Exposure to laparoscopy influences survival in patients with unresected pancreatic cancer who have a diagnostic or staging surgical procedure.
We used the Surveillance, Epidemiology, and End Results Medicare-linked database to identify a cohort of persons 65 years and older, who were newly diagnosed with primary pancreatic cancer between 1991 and 1996 and who had a diagnostic laparoscopy or laparotomy during the course of their disease. Patients with a prior malignancy and those who had a pancreatic resection were excluded. We used proportional-hazards regression to adjust risk estimates for demographic factors, medical comorbidities, tumor characteristics, and the use of other treatment modalities.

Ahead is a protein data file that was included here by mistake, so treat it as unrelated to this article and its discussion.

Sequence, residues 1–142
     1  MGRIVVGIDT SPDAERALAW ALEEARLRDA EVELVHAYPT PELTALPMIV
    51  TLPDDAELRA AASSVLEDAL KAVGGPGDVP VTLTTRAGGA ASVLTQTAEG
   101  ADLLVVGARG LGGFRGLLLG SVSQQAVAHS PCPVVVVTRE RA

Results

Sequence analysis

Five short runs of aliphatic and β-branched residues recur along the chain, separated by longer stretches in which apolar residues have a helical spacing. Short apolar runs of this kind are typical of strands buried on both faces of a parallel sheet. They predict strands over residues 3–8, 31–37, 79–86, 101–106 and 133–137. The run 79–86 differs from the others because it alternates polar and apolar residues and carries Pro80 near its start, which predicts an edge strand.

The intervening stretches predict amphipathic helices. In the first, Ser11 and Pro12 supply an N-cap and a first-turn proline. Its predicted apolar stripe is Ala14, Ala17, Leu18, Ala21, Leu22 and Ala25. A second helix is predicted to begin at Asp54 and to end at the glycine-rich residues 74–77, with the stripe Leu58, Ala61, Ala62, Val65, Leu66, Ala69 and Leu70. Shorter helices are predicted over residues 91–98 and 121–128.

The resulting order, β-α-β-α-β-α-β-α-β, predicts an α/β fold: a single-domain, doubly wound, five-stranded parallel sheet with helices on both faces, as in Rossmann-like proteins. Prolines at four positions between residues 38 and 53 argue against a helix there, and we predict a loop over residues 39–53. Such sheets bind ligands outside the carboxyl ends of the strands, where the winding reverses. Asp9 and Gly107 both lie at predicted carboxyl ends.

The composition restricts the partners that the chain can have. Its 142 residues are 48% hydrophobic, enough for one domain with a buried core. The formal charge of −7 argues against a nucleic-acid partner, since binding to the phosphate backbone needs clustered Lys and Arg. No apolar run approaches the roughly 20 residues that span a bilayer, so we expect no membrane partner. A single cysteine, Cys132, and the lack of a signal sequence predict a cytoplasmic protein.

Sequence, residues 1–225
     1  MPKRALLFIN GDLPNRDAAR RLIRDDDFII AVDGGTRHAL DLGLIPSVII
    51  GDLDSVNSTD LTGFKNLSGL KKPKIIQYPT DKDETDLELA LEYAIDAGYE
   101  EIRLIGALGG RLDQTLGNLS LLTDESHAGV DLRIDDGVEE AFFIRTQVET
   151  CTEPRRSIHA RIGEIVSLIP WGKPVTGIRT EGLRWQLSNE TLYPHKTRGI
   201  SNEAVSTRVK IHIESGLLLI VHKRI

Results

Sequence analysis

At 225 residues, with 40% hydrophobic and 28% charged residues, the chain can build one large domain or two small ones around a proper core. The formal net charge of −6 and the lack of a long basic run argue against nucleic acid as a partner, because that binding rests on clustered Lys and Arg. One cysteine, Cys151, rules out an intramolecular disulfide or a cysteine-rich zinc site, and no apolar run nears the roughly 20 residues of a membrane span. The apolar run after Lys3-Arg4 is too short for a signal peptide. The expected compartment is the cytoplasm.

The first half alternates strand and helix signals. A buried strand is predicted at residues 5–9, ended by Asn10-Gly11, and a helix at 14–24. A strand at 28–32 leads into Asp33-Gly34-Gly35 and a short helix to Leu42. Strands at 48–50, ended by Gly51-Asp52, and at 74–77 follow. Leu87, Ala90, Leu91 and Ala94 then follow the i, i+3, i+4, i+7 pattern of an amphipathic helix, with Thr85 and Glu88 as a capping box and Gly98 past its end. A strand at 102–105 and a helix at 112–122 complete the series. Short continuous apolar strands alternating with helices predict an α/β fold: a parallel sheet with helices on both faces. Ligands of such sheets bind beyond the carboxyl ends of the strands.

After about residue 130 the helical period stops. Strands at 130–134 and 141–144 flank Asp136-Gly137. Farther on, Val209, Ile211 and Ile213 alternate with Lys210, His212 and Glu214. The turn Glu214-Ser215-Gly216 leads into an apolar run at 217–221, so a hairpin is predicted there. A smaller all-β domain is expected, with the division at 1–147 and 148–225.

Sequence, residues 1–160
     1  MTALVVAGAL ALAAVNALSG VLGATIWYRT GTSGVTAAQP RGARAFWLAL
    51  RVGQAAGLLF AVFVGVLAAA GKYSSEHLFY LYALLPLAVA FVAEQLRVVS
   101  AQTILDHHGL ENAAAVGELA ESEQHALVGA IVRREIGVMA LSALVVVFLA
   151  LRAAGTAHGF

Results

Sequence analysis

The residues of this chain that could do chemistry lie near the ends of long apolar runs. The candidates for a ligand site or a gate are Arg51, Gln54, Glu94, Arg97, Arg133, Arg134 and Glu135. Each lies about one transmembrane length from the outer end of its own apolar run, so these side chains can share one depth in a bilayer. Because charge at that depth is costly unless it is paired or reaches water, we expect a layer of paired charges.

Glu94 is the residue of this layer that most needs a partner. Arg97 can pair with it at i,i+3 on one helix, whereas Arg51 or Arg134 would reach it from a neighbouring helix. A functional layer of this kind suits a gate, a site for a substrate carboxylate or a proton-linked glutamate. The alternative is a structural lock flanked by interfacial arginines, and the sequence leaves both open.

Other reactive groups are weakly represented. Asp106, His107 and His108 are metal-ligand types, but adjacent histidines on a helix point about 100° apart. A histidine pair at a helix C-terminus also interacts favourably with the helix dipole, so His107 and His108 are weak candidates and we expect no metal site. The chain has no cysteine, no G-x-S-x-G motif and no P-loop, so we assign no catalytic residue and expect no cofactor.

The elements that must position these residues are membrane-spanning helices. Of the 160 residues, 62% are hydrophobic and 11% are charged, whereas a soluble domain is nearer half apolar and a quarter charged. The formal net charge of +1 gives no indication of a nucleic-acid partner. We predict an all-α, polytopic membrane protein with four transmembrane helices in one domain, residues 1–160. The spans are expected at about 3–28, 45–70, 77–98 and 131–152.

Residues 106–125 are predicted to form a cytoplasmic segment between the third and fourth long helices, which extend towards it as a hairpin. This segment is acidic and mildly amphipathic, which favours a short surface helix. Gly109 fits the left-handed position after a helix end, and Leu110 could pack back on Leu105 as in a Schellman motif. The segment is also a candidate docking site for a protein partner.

We identified 112 individuals with pancreatic cancer who had a laparoscopic procedure and 791 who had only conventional surgery. More patients who had laparoscopic surgery had distant metastases at diagnosis (67.9% vs 41.2%; P = .001). Median duration of survival in the laparoscopic surgery group was 4.8 months (95% confidence interval [CI], 4.1-6.8) compared with 5.3 months in the group that had only open surgery (95% CI, 4.9-5.6; P = .83). Compared with patients who only had a laparotomy, patients who had laparoscopic surgery did not have an increased rate of death when adjusted for the effects of age, sex, tumor size, grade, the presence of nodal and distant metastases at diagnosis, and the use of radiation, chemotherapy, therapeutic endoscopic retrograde cholangiopancreatography, and biliary and gastric bypass (adjusted hazard ratio, 0.93; 95% CI, 0.62-1.40).
Exposure to laparoscopic surgery did not adversely affect survival in a cohort of elderly patients with pancreatic cancer who had a diagnostic procedure but no pancreatic resection.